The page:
Yesterday started at 4am for the drive to Gatwick, where Claire and I met up with Adam Snowball, the other Brit on the trip.  We were a bit worried by the staff at the outsized luggage belt: he needed quite a bit of help with the concept that the case contained bows that had been checked in by the airline and just needed to be put on the plane.  Still, we got past him in the end and settled in for a pleasant and on time flight.  On arrival at Stockholm we discovered that the answer to my rhetorical question “how hard can it be to put a plastic case on a plane” is “too hard for that guy”.  The bows were still in London.  Apparently they’ll be delivered later today (in the meantime we’re borrowing bows from the ever-helpful Emil, who also drove us from Stockholm to Rättvik).

After a very fine pizza dinner and a few drinks (we were reunited with soplica, the marvellous polish hazelnut vodka and with salmiakki, a Finnish liquorice vodka), I discovered that if you are tired enough then sleep is easy, even if it’s still broad daylight at 11pm.

This morning the clinics start.  I shall write more later.


The clinics today focused on ground work with the horse.  In the morning we were shown how to connect with the horse using a rope halter a long rope, turning as though working in a round pen but without the pen.  After an excellent lunch we had a go at it ourselves, under the watchful eye of Wojtek.  Many useful things learned and a really peaceful feeling with the horse.



The weather in the morning was bright but cold (after yesterday’s pouring rain) but this afternoon it warmed up just in time for a very pleasant run around the local roads to loosen my legs up after spending yesterday in the plane and the car.  The countryside here is beautiful, with rolling hills and dotted houses, which are all made of wood and painted a distinctive dark red colour.  This paint is locally made and the colour comes from the rich copper deposits (copper mining is a traditional industry here).  The houses are decades or even centuries old, the paint protecting them from the weather.  There is a definite homestead feeling to the area, comparable to that I saw in rural Oregon.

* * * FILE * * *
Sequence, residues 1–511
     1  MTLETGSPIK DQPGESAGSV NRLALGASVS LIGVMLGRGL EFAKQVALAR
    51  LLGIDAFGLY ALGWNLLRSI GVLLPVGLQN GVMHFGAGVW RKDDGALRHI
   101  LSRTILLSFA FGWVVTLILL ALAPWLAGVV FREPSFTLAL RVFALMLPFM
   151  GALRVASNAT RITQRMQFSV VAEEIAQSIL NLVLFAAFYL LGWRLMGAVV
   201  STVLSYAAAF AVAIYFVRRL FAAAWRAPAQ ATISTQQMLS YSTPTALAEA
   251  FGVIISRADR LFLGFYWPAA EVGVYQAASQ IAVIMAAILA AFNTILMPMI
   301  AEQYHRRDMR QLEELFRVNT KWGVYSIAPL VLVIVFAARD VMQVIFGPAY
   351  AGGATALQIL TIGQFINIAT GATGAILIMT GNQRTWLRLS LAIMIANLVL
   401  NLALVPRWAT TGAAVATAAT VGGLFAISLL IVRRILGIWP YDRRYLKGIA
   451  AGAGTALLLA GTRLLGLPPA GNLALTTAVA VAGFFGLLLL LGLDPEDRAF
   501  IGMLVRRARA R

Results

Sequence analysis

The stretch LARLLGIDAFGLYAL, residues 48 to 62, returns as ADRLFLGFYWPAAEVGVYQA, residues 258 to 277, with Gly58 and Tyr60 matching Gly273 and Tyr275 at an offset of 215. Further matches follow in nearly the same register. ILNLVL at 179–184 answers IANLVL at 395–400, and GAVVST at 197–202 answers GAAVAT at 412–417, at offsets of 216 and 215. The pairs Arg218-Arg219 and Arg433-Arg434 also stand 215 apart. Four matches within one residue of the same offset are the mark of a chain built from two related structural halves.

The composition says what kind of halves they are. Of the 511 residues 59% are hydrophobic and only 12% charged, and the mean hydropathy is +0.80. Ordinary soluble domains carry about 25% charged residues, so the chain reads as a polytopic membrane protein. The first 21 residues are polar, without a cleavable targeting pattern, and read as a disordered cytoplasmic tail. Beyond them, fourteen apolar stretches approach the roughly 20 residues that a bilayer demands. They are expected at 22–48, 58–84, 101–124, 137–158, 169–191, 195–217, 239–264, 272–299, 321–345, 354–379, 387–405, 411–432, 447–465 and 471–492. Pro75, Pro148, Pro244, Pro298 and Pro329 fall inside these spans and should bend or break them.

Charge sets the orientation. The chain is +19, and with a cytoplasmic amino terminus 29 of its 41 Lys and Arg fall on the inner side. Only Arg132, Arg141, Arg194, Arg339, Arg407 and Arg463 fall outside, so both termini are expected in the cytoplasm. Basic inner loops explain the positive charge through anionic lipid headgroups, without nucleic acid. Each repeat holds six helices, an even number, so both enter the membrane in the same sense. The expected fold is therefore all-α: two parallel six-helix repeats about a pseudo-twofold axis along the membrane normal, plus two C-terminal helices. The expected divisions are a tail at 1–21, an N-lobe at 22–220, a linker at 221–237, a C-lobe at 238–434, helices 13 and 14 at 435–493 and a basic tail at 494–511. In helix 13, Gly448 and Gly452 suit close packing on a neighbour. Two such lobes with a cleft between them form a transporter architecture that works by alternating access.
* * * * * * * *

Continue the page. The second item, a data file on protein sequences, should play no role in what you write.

This evening’s plans include eating the dinner whose cooking smell is driving me mad, then fletching arrows until Game of Thrones comes on.  All praise the internet, which will allow us to watch the season finale in English…

Viking Series Sleipner Arrows

Recently, my thoughts have been on arrows.  In particular, they have been on carbon arrows.  I have so far tested three types; some time ago I wrote an article here comparing my Easton Apollos and my Easton PoweFlights.  At the Grunwald competition I took delivery of a dozen new shafts supplied by Emil Eriksson: the Viking Series Sleipners.

First, I shall declare an interest.  Emil is an old friend for whom I have immense respect and liking.  Plus he’s arranging to provide me with some excellent Finnish black vodka at our next competition – long story.  That said, I do not intend to let these factors affect my review and if I do then I shall say so.